What is EMDR?
EMDR (Eye Movement and Desensitisation Therapy) is a form of psychotherapy that uses right /left brain stimulation to heal trauma
EMDR stands for Eye Movement Desensitisation and Reprocessing. It is a psychotherapy that has been proven to be effective in treating trauma, and is recommended by the UK's National Institute of Health and Clinical Excellence (NICE) for Post-Traumatic Stress Disorder. Practitioners are also finding it effective in the treatment of other anxiety related disorders.
A wealth of research has been conducted demonstrating the benefits of EMDR in treating psychological trauma arising from experiences as diverse as war related experiences, childhood abuse or neglect, natural disaster, assault, road traffic accidents and workplace accidents. Recent research also suggests benefits of using EMDR in treating a number of conditions including depression and chronic pain. EMDR has been found to be of benefit to children as well as adults.
How does it work?
When an individual is traumatised, he/she may experience such strong emotions that their brain becomes overwhelmed. The brain consequently is unable to cope with, or process information as it usually does. Distressing experiences become ‘frozen in time’. Such events are stored in the brain in their original ‘raw’ form and can then be repeatedly remembered as ‘action replays’ or intrusive memories. As a consequence the person repeatedly relives the original unpleasant event/s. Such memories have a lasting negative effect on the way a person sees themselves, the world and other people. It can have a profoundly negative effect on all aspects of their lives.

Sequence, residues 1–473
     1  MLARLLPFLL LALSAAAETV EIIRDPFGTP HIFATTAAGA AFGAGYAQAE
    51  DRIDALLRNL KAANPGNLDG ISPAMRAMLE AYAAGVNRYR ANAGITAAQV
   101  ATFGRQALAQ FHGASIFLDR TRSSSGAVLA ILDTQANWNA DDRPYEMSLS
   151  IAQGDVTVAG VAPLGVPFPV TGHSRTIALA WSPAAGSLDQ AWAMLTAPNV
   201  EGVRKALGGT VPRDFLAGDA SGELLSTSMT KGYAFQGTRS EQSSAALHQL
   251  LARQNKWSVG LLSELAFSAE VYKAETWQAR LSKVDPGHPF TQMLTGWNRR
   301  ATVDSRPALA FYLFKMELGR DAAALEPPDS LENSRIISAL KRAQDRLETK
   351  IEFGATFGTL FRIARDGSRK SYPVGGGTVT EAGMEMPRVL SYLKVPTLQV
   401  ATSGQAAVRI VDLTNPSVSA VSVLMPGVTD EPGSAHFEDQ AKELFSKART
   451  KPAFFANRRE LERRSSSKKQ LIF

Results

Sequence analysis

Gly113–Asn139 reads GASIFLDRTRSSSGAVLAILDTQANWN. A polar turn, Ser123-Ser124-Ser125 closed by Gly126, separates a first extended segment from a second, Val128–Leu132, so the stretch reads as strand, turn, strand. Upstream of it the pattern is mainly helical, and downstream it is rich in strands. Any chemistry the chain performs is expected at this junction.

EMDR seems to directly influence the way that the brain functions. It helps to restore normal ways of dealing with problems (i.e. information processing). Following successful EMDR treatment, memories of such events are no longer painful when brought to mind. What happened can still be recalled, but it is no longer upsetting. EMDR therapy appears to mimic what the brain does naturally during dreaming or REM (Rapid Eye Movements) sleep. EMDR can be thought of as an inherently natural therapy which assists the brain in working through distressing material utilising a natural process, this is called Adaptive Information Processing.
What does it involve?
EMDR therapists help clients reprocess their traumatic memories by using a process that involves repeated left-right (bilateral) stimulation of the brain while noticing different aspects of the traumatic memory. It is believed that the bilateral stimulation of EMDR creates biochemical changes in the brain that aid processing of information.
Research studies have shown that EMDR can markedly accelerate the healing process after a traumatic experience and that the effects are long lasting. In fact, there are now more scientifically controlled studies on the treatment of post traumatic stress disorders with EMDR than with any other form of psychological treatment.
EMDR is highly effective, often preferred by clients and generally of shorter duration than other treatment methods. EMDR integrates a range of psychological therapies within a comprehensive framework to effect therapeutic change. Therapists report recognising similarities to approaches they are familiar with, but they also observe therapeutic changes not normally achieved with their original approaches.